Imagine yourself on an operating table. It’s a routine procedure, but you have to get it done. You choose the best doctor and the best hospital and you trust the system to deliver perfect care. It’s the last procedure of the day and the – very human – doctor is tired. But you’re comforted by the nurses and other healthcare professionals in the room: the system will protect you.

Or will it?

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The Social Side of Workplace Wellness

The Social Side of Workplace Wellness

Wellness initiatives are on the rise in the American workplace: according to the Global Wellness Institute (GWI), 72 percent of U.S. employers from 2010 to 2015 purchased services to address employees’ health risks and promote healthy lifestyle choices. It’s more and more common for companies to offer gym membership reimbursements or standing work desks – anything to keep employees healthy, well and ready to work.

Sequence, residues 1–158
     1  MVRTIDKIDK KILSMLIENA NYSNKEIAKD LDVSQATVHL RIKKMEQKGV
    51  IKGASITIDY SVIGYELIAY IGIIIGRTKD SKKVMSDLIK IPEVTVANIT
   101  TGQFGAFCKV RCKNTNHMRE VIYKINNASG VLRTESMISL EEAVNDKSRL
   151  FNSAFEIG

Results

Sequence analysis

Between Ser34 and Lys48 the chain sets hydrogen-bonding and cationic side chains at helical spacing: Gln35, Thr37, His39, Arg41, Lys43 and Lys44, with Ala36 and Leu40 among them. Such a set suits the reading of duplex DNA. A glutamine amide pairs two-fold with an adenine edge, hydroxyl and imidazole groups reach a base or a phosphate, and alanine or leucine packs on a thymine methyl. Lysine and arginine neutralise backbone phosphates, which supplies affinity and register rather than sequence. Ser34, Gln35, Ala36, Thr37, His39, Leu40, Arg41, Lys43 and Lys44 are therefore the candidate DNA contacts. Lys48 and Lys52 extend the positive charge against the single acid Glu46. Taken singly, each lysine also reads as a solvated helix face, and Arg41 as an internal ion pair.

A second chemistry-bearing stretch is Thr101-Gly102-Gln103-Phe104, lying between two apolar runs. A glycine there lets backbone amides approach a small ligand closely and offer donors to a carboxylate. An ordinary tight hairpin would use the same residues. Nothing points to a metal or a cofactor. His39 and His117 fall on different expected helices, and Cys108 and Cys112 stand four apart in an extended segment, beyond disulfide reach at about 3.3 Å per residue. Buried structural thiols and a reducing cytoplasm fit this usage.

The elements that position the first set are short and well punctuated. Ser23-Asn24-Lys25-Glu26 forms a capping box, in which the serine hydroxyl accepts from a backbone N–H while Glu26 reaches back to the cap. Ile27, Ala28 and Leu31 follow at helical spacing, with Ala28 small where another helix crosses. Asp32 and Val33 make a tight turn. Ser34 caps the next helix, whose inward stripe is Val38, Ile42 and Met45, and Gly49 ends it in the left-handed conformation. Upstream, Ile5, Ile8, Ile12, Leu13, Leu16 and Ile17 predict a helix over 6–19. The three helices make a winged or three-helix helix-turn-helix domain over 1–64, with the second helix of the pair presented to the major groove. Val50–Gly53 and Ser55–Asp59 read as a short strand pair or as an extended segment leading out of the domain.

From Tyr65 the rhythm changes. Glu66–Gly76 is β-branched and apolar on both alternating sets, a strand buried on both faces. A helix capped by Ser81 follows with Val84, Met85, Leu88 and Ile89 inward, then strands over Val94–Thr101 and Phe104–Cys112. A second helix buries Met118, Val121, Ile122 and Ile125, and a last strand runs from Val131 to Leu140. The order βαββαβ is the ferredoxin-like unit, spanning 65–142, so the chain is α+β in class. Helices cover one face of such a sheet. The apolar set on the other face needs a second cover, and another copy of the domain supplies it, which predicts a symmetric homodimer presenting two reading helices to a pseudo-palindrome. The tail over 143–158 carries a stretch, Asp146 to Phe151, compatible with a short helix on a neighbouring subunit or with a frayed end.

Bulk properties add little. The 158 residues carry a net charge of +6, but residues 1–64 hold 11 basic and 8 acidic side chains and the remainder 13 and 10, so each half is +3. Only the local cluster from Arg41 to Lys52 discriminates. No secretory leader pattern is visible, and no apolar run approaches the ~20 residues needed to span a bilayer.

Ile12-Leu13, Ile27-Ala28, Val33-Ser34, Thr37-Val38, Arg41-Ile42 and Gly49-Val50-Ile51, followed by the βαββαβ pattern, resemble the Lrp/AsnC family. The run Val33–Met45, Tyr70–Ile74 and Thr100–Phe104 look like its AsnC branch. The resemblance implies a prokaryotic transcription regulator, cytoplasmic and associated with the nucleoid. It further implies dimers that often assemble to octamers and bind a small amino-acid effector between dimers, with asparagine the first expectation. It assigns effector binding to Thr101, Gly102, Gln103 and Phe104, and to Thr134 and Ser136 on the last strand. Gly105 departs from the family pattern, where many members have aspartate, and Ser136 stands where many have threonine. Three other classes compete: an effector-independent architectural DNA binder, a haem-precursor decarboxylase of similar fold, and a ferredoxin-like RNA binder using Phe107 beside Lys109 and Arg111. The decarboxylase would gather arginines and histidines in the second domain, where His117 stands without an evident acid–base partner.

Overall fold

And yet the many programs that encourage employees to quit smoking, to lose weight, or to get their flu shot all share a pretty glaring blind spot.

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It’s About Time: Speeding Up By Slowing Down

It’s About Time: Speeding Up By Slowing Down

Every day at work, at home, at leisure, hardly an hour goes by without a comment or two about time: “I don’t have time to get everything done” or “I’d love to do that but I am busy then” – or less frequently, “I was so absorbed that time just flew by.” Time has become the ultimate scarce resource; and we use financial words to describe it. We budget time, invest time, allocate time and waste time. And like money, we always seem to wish we had more of it.

So what happens when we take time out of the work day to slow down, read and share ideas with colleagues?

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Reading Mindfully: James Joyce’s “Eveline”